Motor Racing: Williams duo have a point to prove

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Three weeks after their exit from the season-opening Australian Grand Prix, Jacques Villeneuve and Heinz-Harald Frentzen, the Williams duo, intend to bounce back in Sunday's Brazilian Grand Prix.

Villeneuve crashed out at the first corner, while the German Frentzen spun off with a brake problem. Villeneuve said: "It was both annoying and frustrating to throw away all the good work in Australia, but I think we showed in qualifying that we have a really great car. The speed is there for all to see and all we have to do in Brazil is stay out of trouble and demonstrate it in the race."

Since the first-corner fracas in Melbourne - triggered by Eddie Irvine, who forced his Ferrari down the inside of Villeneuve and Johnny Herbert's Sauber, taking all three off the track - Villeneuve and Frentzen have been testing at the Le Castellet track in France.

Much of their work focused on curing the braking problem which bedevilled them in Australia and, according to the team, they have succeeded. Villeneuve, who spun off last year in Brazil in torrential rain, expects to go the distance and win.

But he is likely to face a strong challenge from Frentzen, who is hungry to prove he has the ability to race and finish at the front. He said: "Things didn't work out in Australia but I am confident about Brazil. We were disappointed, but we have worked hard to rectify the problems and I think we are ready."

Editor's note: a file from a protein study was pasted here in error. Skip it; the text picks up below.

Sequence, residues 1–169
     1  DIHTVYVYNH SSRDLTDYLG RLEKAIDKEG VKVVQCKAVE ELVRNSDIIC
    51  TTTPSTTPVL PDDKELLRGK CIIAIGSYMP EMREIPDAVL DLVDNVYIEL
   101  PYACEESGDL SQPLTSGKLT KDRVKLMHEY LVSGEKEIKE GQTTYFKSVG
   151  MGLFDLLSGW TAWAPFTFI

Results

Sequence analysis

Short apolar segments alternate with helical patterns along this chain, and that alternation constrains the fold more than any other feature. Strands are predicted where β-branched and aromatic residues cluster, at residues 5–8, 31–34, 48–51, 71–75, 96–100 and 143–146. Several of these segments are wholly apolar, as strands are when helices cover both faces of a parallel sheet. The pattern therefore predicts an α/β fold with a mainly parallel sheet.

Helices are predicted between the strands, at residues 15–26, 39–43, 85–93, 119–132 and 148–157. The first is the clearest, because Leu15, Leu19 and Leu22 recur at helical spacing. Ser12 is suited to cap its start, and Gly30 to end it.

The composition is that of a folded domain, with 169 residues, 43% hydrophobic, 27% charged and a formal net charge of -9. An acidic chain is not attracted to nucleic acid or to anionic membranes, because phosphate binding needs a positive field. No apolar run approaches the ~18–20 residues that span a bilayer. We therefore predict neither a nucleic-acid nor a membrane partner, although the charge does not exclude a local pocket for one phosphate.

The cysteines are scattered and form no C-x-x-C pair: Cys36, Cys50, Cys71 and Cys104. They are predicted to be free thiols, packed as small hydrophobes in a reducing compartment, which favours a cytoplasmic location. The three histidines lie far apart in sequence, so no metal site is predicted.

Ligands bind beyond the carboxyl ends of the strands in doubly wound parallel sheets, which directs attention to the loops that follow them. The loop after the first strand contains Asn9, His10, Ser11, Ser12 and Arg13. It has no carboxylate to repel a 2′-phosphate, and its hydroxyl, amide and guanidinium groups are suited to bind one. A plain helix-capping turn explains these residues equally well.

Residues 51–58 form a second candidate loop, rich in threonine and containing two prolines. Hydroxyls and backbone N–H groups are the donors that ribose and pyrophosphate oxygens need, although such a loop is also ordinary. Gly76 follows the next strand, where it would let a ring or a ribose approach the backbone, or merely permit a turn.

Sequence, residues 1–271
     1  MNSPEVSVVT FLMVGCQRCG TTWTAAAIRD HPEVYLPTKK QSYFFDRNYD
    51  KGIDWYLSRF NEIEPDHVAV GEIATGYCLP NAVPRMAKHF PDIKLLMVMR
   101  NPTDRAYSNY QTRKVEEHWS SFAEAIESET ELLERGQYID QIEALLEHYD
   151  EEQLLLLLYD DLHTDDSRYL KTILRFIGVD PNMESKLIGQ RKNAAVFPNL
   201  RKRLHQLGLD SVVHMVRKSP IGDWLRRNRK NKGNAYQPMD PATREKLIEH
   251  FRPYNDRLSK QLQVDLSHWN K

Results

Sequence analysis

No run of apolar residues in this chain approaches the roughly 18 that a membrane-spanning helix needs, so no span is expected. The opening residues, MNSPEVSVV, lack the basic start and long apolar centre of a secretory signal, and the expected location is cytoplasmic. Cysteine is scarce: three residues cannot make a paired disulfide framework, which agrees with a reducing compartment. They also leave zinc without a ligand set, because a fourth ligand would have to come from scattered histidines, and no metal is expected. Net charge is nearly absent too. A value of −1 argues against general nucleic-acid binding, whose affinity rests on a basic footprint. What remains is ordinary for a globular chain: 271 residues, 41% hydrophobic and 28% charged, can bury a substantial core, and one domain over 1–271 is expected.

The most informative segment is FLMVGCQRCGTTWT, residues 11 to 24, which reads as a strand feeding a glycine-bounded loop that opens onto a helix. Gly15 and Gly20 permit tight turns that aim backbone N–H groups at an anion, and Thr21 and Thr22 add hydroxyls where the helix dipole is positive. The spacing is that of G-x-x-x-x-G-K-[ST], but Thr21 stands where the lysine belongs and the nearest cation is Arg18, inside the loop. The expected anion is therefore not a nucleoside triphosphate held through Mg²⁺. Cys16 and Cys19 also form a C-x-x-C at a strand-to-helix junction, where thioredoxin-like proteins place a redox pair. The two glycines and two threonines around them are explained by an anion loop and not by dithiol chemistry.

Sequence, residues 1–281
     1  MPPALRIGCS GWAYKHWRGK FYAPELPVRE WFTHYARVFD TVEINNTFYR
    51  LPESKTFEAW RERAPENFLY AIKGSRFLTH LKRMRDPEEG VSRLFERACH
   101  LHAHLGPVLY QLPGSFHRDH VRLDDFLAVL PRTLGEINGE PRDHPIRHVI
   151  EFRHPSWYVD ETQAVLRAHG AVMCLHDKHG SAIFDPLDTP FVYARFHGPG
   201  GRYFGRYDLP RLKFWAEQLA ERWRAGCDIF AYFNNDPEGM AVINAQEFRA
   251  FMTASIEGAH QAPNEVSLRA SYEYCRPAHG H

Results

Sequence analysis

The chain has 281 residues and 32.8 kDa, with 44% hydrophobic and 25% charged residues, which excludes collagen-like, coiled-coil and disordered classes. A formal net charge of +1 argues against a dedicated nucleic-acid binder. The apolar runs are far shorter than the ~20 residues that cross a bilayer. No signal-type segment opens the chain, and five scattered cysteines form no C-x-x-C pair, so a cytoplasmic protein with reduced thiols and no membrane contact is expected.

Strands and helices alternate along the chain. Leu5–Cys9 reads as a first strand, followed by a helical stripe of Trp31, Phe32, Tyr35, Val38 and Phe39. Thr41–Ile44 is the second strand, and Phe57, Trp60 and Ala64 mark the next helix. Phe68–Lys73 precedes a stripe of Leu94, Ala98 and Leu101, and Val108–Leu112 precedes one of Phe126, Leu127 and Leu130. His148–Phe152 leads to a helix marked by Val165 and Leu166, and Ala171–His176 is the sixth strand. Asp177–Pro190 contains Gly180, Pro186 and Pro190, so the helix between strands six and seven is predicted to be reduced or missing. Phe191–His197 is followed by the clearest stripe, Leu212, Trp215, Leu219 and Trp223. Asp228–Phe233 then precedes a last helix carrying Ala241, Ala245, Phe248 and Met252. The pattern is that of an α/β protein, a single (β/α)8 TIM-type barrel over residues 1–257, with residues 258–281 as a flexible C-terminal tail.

The biggest challenge to the Williams may come from Benetton, who have also worked hard to improve their all-round performance after a disappointing opening race. Major aerodynamic revisions are expected around the air- intake area of the car, an improvement which could propel Gerhard Berger and his team-mate Jean Alesi into good positions.

Ferrari, led by Michael Schumacher and Irvine, have continued to struggle to extract the best from their cars and could be edged out by McLaren, buoyant after David Coulthard gave them their first victory in 50 races since the triumph of the late Ayrton Senna at Adelaide in 1993.

Damon Hill, however, is not expected to make an impact. He failed to start in Australia and has tested ferociously to improve the reliability of his Arrows car. He admitted: "We are hoping for better things but that is all you can say."

At least Hill, and Arrows, will be taking part. The new Lola team, which failed to qualify with either car in Australia, is out of the championship series after withdrawing due to financial and technical problems. That reduces the field for the 71-lap race, expected to be run in hot and humid conditions, to 22.